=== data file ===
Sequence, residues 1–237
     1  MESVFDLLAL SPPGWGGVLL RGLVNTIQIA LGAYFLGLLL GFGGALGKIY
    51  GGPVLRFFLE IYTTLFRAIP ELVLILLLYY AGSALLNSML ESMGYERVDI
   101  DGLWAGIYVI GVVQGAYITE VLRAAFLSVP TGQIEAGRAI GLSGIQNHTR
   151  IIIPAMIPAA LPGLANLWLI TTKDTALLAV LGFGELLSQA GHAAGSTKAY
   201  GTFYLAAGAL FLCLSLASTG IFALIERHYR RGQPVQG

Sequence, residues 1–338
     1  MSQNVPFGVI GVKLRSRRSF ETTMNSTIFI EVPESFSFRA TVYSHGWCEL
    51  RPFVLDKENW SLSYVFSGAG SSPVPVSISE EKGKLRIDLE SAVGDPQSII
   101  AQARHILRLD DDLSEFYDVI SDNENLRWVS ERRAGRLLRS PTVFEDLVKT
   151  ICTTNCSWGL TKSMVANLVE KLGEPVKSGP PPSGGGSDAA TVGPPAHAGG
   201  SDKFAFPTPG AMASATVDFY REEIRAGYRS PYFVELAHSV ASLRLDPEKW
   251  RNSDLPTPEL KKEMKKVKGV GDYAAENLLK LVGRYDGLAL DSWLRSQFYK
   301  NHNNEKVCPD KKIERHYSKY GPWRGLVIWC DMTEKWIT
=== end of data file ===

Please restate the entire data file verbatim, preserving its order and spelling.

Sequence, residues 1–237
     1  MESVFDLLAL SPPGWGGVLL RGLVNTIQIA LGAYFLGLLL GFGGALGKIY
    51  GGPVLRFFLE IYTTLFRAIP ELVLILLLYY AGSALLNSML ESMGYERVDI
   101  DGLWAGIYVI GVVQGAYITE VLRAAFLSVP TGQIEAGRAI GLSGIQNHTR
   151  IIIPAMIPAA LPGLANLWLI TTKDTALLAV LGFGELLSQA GHAAGSTKAY
   201  GTFYLAAGAL FLCLSLASTG IFALIERHYR RGQPVQG

Sequence, residues 1–338
     1  MSQNVPFGVI GVKLRSRRSF ETTMNSTIFI EVPESFSFRA TVYSHGWCEL
    51  RPFVLDKENW SLSYVFSGAG SSPVPVSISE EKGKLRIDLE SAVGDPQSII
   101  AQARHILRLD DDLSEFYDVI SDNENLRWVS ERRAGRLLRS PTVFEDLVKT
   151  ICTTNCSWGL TKSMVANLVE KLGEPVKSGP PPSGGGSDAA TVGPPAHAGG
   201  SDKFAFPTPG AMASATVDFY REEIRAGYRS PYFVELAHSV ASLRLDPEKW
   251  RNSDLPTPEL KKEMKKVKGV GDYAAENLLK LVGRYDGLAL DSWLRSQFYK
   301  NHNNEKVCPD KKIERHYSKY GPWRGLVIWC DMTEKWIT